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Gold Leaf

France | 1804 | Gold | Martin-Guillaume Biennais (maker)


This gold leaf comes from the gold laurel crown of French Emperor Napoleon I, who wore it to his coronation ceremony on December 2, 1804. The image of Napoleon wearing the gold laurel crown has since become one of the main iconographies of Napoleon in historical records.


Jacques-Louis David, The Coronation of Napoleon, 1807

The gold laurel crown was made by Napoleon's court goldsmith Bionnet and consists of 44 large leaves, 12 small leaves and 42 seeds, mounted on a circular velvet band. As it was too heavy for Napoleon, Bionnet removed six of the leaves and passed them on to his six daughters. After Napoleon's defeat at Waterloo, this gold laurel crown was melted down into a small gold ball in Paris in 1819 by the restored Bourbons. Only two gold leaves survive till this day, one of which is in the Fontainebleau Palace in France.


François Antoine Léon Fleury, Portrait of Martin-Guillaume Biennais, 1835 (Left)

This precious gold leaf is kept in a red Moroccan leather box decorated with palm lace, stars and sun motifs. The box is stamped with the golden inscription "Biennais au Singe Siolet Rues. Honore No. 511", which was the location of the Bionnet workshop at the time.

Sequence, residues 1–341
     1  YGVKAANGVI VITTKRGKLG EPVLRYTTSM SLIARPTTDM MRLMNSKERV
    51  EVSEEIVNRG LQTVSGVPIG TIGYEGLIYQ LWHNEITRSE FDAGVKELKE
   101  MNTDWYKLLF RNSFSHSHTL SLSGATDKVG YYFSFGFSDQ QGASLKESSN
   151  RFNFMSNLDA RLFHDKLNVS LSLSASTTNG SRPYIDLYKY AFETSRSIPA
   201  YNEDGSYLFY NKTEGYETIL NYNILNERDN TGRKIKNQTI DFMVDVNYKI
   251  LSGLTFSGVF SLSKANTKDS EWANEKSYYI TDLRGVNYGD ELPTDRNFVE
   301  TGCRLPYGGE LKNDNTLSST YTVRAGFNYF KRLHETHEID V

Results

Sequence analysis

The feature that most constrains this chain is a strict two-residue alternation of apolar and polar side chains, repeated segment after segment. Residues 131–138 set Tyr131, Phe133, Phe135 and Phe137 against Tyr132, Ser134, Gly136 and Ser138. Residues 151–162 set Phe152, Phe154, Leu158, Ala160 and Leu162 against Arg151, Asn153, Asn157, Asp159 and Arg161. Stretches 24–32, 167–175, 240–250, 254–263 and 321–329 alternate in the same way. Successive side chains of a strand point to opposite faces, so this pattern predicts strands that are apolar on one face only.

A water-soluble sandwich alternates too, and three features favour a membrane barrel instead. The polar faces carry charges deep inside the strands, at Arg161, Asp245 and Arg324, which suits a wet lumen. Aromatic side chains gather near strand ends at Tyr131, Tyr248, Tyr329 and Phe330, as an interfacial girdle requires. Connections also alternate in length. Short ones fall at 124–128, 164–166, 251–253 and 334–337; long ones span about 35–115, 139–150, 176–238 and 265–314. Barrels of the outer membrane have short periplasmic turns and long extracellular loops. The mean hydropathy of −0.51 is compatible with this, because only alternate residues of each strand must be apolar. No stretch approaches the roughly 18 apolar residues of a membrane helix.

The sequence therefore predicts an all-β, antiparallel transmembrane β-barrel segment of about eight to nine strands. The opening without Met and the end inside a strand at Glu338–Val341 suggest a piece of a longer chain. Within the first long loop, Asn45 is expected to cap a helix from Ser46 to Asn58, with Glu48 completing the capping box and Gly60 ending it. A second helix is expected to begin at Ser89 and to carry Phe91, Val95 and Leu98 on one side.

Biennais Au Singe Violet Rüe S. honore No. 511


Workshop of François Gérard, Bust-length Portrait of Napoleon I in Coronation Robes, ca. 1805

The laurel wreath crown has symbolized glory and power since ancient Greece and was used to crown the victor. Napoleon knew how to portray himself, and the laurel crown motif still adorns paintings, statues, architecture, furniture, jewelry, and even the new bridge over the Seine today. History has long since lifted a new curtain, while this golden leaf, witness to an important European moment, quietly speaks of the past.


Jean-Auguste-Dominique Ingres, Napoleon I on His Imperial Throne, 1806

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